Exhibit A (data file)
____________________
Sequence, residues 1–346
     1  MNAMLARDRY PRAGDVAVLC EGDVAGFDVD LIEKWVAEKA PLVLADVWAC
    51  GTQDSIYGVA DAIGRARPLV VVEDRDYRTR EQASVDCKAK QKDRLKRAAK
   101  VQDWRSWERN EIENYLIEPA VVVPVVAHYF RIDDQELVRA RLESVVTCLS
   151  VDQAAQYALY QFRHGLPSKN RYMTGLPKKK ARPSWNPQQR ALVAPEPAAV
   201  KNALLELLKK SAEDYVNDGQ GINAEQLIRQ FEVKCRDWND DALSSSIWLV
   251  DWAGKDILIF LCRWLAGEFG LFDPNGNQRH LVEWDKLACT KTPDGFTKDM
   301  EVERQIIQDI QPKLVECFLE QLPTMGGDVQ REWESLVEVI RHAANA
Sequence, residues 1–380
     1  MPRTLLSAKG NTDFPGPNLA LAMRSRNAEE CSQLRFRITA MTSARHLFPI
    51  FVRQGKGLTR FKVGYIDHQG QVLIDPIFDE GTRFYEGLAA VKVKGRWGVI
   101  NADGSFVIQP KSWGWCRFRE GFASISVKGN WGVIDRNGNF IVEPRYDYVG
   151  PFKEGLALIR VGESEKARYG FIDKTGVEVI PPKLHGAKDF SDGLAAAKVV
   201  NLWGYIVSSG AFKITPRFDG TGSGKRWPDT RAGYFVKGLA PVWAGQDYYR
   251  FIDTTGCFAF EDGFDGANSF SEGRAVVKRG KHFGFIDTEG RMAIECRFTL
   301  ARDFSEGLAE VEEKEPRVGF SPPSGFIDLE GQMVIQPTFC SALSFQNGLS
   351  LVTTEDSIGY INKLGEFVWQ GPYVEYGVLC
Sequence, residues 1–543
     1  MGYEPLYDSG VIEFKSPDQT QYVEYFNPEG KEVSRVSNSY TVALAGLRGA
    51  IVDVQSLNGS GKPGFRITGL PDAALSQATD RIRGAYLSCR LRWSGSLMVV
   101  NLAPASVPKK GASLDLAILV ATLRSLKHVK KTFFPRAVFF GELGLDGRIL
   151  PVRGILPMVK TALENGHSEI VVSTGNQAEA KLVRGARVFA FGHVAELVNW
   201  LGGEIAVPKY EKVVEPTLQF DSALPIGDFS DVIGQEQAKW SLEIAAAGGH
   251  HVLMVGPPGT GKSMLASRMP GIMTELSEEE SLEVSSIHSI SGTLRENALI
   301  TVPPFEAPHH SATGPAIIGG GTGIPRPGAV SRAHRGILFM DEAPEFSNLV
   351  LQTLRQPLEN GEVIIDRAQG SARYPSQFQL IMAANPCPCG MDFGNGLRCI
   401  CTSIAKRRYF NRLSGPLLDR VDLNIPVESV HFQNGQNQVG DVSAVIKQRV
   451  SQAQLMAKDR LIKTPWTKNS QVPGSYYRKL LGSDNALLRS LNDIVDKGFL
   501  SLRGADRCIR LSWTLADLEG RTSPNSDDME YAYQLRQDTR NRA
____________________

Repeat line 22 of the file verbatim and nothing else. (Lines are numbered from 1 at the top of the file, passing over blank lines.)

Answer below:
   151  PVRGILPMVK TALENGHSEI VVSTGNQAEA KLVRGARVFA FGHVAELVNW